CORVALLIS - About 150 forestry experts from 15 nations around the world will attend professional conferences and field tours at Oregon State University from Sept. 15-26 to learn more about the university's innovative programs in "uneven-aged" forestry.
With its variety of tree ages and species, diverse structure, multi-layered canopy and wider variety of plant and animal species, an "uneven-aged" forest can more closely resemble some characteristics of an old growth forest while still allowing for timber harvest, OSU experts say.
More research and wider use of this type of forestry may help address some of the forest management controversies facing the Pacific Northwest and other areas around the world, they say.
"Uneven-aged forestry won't be a panacea for all our problems, but it can be an important option when it's biologically, economically and socially appropriate," said Max Bennett, an OSU forestry Extension assistant. "And at this point there's quite a bit we know about it and can demonstrate."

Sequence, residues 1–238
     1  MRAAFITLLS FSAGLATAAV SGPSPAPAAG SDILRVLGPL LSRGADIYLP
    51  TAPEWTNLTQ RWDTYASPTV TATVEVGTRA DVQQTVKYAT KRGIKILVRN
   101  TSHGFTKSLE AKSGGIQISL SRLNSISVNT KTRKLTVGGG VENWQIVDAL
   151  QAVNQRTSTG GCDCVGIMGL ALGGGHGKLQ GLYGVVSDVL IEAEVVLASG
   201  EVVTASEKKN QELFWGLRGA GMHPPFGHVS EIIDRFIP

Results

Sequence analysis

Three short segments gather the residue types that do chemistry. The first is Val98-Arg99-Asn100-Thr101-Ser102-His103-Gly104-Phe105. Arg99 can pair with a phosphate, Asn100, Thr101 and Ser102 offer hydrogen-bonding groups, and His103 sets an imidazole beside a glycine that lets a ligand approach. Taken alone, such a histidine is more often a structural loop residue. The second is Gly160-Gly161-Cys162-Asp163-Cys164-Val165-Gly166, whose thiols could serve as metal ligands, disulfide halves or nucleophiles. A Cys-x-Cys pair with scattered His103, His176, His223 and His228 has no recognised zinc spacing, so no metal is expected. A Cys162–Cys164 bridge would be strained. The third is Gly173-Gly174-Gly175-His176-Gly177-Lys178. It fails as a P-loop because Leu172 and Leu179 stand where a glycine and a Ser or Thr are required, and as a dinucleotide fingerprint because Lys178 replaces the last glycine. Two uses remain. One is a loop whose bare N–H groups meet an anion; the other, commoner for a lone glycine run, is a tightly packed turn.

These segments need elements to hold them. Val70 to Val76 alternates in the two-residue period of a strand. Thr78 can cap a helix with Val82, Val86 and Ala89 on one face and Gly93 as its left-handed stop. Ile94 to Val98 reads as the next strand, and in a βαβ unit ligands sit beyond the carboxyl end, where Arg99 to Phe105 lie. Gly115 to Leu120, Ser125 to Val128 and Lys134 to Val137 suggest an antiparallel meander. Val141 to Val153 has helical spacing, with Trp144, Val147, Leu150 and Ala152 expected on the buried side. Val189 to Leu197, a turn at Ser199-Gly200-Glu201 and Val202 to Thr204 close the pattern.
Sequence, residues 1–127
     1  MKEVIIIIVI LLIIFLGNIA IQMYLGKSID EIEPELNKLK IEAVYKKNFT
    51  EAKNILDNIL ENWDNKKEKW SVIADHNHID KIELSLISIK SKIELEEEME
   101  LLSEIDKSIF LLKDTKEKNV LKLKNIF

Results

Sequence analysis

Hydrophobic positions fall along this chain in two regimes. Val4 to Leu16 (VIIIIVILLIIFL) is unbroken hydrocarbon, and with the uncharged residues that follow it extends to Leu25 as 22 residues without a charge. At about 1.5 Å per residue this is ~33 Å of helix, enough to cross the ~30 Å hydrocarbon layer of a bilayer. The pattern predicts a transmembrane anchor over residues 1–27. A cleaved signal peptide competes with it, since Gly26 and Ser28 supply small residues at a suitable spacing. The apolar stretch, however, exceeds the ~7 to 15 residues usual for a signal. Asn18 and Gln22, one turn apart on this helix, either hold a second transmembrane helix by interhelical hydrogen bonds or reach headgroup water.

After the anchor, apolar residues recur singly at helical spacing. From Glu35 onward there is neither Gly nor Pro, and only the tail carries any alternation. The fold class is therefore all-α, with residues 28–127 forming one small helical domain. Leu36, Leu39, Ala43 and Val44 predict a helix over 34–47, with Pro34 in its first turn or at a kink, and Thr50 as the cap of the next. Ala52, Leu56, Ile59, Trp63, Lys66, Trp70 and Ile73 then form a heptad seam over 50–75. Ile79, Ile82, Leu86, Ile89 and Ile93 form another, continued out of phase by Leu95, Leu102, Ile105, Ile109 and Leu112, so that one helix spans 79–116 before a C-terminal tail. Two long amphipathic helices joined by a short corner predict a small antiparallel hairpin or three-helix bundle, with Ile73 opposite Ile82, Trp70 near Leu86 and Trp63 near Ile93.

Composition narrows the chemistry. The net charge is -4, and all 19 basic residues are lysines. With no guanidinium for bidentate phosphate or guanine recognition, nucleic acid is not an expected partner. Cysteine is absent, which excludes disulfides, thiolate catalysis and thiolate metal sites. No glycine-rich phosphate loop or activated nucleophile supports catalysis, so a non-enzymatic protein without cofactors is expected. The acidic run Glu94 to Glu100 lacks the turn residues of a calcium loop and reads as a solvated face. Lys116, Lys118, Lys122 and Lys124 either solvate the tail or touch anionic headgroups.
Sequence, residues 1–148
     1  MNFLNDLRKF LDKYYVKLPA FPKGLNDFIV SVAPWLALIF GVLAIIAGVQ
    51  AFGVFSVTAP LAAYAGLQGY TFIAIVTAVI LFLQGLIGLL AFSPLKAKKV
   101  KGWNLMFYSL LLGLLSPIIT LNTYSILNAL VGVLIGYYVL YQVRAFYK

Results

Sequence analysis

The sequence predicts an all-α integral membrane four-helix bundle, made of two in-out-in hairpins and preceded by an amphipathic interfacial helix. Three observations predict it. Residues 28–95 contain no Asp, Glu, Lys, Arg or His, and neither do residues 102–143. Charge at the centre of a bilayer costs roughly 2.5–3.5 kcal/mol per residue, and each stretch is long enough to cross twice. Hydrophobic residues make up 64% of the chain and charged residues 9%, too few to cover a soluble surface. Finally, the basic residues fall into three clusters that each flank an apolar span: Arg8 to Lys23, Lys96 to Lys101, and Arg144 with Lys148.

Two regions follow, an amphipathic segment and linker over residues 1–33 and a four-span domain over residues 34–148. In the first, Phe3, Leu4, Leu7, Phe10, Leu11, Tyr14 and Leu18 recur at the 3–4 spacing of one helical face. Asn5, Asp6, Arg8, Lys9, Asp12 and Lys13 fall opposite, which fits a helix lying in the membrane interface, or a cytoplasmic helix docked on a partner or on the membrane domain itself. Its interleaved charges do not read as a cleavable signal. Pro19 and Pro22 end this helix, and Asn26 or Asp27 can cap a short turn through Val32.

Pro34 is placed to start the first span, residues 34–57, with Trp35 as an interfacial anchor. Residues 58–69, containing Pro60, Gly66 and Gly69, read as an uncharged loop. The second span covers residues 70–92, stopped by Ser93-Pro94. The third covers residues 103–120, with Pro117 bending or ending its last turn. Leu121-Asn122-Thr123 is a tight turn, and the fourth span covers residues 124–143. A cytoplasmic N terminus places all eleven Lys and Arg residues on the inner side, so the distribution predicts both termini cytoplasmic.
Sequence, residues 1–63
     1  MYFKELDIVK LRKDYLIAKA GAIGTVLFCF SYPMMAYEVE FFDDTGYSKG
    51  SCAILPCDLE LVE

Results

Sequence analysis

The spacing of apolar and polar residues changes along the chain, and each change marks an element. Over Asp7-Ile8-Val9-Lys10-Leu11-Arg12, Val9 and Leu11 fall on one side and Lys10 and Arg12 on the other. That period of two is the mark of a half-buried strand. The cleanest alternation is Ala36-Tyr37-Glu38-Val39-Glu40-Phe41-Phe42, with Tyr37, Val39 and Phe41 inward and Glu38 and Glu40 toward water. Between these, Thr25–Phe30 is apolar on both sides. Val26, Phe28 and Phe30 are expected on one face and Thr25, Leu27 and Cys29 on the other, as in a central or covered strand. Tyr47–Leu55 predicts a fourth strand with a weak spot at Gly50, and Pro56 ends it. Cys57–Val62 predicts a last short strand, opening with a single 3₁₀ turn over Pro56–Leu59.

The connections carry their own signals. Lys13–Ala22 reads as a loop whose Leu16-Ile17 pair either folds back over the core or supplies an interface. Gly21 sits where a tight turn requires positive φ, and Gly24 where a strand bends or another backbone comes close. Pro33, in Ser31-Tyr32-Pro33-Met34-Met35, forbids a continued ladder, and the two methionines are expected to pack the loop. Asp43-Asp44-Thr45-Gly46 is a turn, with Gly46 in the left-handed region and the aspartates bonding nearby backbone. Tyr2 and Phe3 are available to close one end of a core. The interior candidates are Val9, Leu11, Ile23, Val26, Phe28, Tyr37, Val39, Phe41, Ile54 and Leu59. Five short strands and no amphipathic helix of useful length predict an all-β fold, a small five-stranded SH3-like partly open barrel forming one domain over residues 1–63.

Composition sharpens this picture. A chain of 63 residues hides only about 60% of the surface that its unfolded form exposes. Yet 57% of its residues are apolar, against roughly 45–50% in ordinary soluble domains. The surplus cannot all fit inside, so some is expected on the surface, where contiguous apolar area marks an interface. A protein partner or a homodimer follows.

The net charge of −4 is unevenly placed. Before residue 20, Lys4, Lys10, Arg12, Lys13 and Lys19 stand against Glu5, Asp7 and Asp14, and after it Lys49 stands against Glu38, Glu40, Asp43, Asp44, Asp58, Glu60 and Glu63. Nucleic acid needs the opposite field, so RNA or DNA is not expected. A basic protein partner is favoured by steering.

The global forestry experts are gathering under the auspices of the International Union of Forestry Research Organizations, or IUFRO, and the conference was supported by OSU's Sustainable Forestry Partnership.
Participants will attend a conference at OSU, the presentation of more than 100 professional research papers, and a week-long field tour of uneven-aged forestry examples in OSU's McDonald Forest, the Coast Range, Cascade Range, a ponderosa pine forest of Central Oregon, and some experimental forests on Vancouver Island, British Columbia.
Topics will include economics of uneven-aged management, techniques for partial harvesting, and effects of this type of management on wildlife, biodiversity and plant communities.